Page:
Between early March, when the media began covering LFTB, and May 30, fed-steer prices declined 7 percent, the beef cutout price declined 3 percent, the value of 50 percent lean trimmings declined 46 percent and the value of 33 percent lean beef trimmings (the type of product from which LFTB is produced) declined an astounding 88 percent. At the same, the value of 85 and 90 percent lean trimmings increased by 5 percent and 4 percent respectively. Ground beef prices overall increased by 26 percent.

The drop in prices for 33 and 50 percent lean trimmings caused packer margins to decline by $78.34 per head, a loss they passed along to cattle feeders.

So how can LFTB find its way back into the market after its reputation took such a severe beating? Rabobank analysts believe market forces will play a role as declining supplies drive beef prices higher, but they also say the industry needs to recreate the product. The effort should include upgrading the product, including replacing the ammonia gas used in processing with some other food-safety intervention such as citric acid treatments. Repackaging also would include renaming the product and a new regulatory approval process, supported by promotions and consumer education. The ingredient will need to be clearly included on product labels for transparency.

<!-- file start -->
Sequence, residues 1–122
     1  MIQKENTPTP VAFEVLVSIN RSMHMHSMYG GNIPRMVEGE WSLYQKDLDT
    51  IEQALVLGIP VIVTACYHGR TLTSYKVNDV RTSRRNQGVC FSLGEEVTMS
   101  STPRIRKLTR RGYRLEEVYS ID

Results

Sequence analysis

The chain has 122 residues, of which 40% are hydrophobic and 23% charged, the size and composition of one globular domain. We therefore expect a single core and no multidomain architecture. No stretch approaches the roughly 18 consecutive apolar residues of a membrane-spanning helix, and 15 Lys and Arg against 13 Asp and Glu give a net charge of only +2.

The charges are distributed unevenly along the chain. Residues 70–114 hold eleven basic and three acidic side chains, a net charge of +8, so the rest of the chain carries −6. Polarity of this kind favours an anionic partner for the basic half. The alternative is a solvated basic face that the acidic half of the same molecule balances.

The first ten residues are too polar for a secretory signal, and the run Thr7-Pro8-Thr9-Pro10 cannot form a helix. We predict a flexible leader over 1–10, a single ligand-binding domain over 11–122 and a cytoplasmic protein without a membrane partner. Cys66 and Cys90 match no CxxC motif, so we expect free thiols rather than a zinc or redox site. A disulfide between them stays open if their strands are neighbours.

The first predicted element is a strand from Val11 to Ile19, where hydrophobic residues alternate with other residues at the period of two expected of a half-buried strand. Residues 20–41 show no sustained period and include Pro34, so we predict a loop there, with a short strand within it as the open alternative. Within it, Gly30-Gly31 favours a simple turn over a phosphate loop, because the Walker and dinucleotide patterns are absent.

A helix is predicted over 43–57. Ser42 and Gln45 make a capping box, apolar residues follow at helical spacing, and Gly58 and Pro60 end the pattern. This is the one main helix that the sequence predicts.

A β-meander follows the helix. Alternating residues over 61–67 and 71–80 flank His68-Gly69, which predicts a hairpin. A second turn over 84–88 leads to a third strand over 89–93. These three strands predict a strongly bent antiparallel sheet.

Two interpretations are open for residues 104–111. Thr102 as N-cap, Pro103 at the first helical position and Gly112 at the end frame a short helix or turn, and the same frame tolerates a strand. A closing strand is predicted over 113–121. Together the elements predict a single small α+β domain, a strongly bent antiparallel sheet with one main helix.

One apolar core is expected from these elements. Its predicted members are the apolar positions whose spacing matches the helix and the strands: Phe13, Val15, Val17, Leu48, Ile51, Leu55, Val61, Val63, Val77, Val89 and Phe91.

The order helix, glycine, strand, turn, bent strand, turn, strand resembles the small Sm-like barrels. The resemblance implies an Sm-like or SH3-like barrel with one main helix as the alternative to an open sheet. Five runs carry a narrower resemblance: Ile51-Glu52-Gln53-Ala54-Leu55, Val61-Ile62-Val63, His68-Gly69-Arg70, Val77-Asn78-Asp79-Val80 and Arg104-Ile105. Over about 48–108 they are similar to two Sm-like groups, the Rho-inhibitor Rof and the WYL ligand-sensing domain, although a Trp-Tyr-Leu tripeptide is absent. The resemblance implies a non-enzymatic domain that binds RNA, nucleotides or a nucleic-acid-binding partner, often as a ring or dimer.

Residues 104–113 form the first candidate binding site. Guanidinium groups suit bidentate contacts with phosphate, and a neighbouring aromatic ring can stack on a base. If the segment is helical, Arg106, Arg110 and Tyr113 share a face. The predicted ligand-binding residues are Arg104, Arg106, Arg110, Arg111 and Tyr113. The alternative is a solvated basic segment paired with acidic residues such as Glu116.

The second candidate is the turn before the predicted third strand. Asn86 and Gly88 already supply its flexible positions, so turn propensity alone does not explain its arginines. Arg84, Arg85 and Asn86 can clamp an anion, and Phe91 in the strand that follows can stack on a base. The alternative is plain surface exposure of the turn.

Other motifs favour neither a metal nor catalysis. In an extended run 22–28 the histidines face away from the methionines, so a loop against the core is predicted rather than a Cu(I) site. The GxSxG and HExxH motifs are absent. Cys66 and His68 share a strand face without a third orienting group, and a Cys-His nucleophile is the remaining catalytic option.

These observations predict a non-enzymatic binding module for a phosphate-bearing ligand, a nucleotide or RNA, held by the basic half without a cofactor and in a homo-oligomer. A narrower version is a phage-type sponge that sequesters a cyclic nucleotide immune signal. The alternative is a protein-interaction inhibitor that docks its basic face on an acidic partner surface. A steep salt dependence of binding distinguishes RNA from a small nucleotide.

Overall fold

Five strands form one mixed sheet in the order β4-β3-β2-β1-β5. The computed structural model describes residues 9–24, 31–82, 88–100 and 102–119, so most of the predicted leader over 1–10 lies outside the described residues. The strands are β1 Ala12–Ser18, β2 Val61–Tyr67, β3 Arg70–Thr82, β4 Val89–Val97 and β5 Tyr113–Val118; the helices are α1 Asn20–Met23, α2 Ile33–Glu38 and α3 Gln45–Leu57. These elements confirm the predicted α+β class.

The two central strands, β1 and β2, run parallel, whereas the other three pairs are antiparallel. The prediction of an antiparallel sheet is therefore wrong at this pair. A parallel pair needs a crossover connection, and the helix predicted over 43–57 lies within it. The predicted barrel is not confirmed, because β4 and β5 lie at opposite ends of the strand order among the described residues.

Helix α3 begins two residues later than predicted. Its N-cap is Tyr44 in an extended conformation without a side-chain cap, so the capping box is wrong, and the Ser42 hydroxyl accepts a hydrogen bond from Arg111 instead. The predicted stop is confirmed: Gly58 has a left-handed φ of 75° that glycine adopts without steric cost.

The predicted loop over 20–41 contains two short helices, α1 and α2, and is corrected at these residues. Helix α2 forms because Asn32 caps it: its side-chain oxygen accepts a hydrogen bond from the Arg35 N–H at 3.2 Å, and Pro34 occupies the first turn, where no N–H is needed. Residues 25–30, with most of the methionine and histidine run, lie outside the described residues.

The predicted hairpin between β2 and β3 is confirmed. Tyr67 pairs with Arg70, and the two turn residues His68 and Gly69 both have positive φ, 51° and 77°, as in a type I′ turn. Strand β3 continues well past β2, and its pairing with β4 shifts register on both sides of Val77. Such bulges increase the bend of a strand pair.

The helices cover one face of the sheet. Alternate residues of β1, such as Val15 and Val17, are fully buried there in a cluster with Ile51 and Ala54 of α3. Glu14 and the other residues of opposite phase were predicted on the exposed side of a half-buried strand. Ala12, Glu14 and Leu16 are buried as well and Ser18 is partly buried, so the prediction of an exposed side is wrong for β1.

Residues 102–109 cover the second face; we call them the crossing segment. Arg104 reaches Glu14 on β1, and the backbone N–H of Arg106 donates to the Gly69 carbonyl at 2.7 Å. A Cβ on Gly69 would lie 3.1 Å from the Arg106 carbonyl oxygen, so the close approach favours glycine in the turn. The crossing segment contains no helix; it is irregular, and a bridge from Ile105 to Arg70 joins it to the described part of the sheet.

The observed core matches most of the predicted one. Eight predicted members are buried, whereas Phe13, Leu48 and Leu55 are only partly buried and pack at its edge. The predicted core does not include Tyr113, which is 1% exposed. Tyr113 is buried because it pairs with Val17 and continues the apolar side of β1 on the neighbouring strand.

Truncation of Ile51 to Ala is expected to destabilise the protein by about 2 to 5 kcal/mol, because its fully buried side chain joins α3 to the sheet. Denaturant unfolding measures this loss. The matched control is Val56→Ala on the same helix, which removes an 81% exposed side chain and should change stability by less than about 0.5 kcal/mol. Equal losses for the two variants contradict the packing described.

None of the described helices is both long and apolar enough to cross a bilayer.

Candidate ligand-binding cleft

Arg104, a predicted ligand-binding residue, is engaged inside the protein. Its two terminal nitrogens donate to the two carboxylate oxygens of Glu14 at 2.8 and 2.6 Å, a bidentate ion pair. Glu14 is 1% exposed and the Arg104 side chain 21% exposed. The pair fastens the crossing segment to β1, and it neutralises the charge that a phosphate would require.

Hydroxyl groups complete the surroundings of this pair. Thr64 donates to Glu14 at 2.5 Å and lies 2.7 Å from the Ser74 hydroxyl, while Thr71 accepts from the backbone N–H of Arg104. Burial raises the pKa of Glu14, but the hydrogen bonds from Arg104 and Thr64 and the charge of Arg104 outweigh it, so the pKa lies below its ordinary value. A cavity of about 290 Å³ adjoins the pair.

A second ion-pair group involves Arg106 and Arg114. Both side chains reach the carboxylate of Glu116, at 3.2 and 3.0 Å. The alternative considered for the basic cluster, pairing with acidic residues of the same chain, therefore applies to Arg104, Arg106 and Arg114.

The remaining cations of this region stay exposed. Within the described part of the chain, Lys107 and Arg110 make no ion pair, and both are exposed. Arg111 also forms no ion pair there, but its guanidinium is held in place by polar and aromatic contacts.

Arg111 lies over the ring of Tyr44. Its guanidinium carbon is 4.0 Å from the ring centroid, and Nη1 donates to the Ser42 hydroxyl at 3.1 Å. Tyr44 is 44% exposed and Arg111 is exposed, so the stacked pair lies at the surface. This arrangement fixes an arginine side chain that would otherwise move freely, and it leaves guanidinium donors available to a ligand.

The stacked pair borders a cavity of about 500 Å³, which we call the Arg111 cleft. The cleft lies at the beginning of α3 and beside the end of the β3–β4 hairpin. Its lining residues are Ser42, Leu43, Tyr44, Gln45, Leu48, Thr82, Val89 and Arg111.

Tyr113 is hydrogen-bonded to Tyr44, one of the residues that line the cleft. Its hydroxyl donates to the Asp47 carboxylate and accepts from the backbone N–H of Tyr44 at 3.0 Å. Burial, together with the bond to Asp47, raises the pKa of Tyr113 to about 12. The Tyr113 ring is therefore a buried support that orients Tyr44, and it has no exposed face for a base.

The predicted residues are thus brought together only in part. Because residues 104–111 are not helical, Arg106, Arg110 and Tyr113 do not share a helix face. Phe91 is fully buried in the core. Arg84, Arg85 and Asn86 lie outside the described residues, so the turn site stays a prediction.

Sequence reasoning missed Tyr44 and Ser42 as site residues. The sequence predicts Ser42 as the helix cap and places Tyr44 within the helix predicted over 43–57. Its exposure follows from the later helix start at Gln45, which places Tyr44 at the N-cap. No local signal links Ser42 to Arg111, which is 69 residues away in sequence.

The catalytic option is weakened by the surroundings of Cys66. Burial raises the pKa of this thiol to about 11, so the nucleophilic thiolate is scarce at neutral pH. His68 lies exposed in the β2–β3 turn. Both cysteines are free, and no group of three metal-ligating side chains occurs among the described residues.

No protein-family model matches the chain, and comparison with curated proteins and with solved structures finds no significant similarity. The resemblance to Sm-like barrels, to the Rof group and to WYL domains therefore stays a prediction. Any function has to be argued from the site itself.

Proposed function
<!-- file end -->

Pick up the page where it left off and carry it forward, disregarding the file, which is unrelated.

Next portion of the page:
With a concerted effort, the Rabobank analysts believe the product could return to the food chain within two to three years. Close says the food service sector could be an initial point of entry for a rebranded LFTB product, as those buyers are well informed and value conscious, followed by a gradual return to the school lunch program and eventually the retail meat case.